What Is Psoriatic Arthritis (PsA)?
Psoriatic arthritis (PsA) is a form of inflammatory arthritis that can occur with the skin condition psoriasis, a condition that causes red, itchy patches and silvery scales on the skin and scalp. PsA is a combination of the joint problems of arthritis and the skin issues of psoriasis. With PsA, the immune system mistakenly attacks healthy cells in the joints and causes overproduction of skin cells. Typically, the skin patches associated with psoriasis appear first, and symptoms of psoriatic arthritis appear later; however, although less common, joint issues can occur before skin patches develop. Approximately 7.5 million Americans have psoriasis, and approximately 30 percent of those people have or will develop PsA.
Types of psoriatic arthritis
Psoriatic arthritis is categorized into five types:
- Symmetric psoriatic arthritis affects the same joints on both sides of the body.
- Asymmetric psoriatic arthritis affects joints on only one side of the body.
- Distal interphalangeal predominant psoriatic arthritis affects the distal joints, which are the joints closest to the nails.
- Spondylitis psoriatic arthritis affects the joints in the spine.
- Psoriatic arthritis mutilans is a severe, deforming type of PsA that typically affects the hands and feet.
What are the symptoms of psoriatic arthritis?
The symptoms of PsA include, but are not limited to, the following:
- Joints that are painful, swollen, and warm to the touch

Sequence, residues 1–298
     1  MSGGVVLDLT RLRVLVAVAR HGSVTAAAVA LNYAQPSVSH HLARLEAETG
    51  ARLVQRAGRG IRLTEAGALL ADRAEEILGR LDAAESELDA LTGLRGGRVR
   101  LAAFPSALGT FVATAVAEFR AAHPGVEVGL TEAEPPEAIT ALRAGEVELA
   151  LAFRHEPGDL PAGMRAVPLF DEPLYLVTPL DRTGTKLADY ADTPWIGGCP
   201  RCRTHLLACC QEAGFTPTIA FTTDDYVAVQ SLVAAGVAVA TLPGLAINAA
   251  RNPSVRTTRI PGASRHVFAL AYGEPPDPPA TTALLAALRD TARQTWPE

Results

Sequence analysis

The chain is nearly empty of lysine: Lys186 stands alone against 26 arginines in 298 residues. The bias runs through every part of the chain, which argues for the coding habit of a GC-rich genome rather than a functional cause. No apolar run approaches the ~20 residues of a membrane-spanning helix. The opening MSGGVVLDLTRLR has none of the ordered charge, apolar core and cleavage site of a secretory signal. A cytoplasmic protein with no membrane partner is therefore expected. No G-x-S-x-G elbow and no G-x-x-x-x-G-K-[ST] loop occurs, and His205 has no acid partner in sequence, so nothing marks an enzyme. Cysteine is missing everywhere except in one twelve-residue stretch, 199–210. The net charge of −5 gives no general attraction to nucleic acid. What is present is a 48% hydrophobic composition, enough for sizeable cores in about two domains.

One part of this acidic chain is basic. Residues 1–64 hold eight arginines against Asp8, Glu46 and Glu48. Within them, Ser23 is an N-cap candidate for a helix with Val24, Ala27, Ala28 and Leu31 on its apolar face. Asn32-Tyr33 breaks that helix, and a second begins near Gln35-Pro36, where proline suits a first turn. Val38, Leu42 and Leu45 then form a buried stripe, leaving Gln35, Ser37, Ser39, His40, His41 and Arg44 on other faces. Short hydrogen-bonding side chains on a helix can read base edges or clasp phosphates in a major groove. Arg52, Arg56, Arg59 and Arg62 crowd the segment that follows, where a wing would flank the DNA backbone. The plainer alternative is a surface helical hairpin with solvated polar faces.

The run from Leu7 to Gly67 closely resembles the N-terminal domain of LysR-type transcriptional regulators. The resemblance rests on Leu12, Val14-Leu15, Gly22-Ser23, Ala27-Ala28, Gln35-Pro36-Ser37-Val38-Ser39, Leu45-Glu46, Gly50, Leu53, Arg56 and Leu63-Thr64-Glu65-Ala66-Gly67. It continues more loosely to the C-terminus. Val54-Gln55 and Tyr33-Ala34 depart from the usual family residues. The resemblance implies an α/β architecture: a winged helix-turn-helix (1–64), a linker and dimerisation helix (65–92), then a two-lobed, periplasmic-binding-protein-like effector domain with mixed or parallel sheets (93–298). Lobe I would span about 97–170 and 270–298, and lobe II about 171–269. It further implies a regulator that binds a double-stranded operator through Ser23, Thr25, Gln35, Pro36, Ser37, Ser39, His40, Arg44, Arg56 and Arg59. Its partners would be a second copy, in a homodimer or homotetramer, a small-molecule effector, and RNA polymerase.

- Stiff joints
- Swollen fingers and toes
- Foot pain
- Lower back pain
- Scaly skin patches
- Flaky scalp
- Cracking, pitting, or white spots on the nails
- Separation of the nail from the nail bed
What causes psoriatic arthritis?
Psoriatic arthritis is an autoimmune condition. The immune system mistakenly attacks healthy cells in the joints and causes overproduction of skin cells. Although the exact cause of this immune system reaction is not known, a combination of genetic and environmental factors may play a role. Researchers believe PsA can be triggered by environmental factors, such as infections, extreme stress, or injuries, in those who are genetically susceptible.
Who is at risk for developing psoriatic arthritis?
- Having psoriasis is the biggest risk factor for psoriatic arthritis. Experiencing the psoriasis symptom of pitted, deformed nails especially increases the risk of developing PsA.
- A family history of psoriasis or PsA increases the risk of developing PsA.
- PsA most commonly presents between the ages of 30 and 50.
- Psoriasis and PsA are more common in white people than people of other races.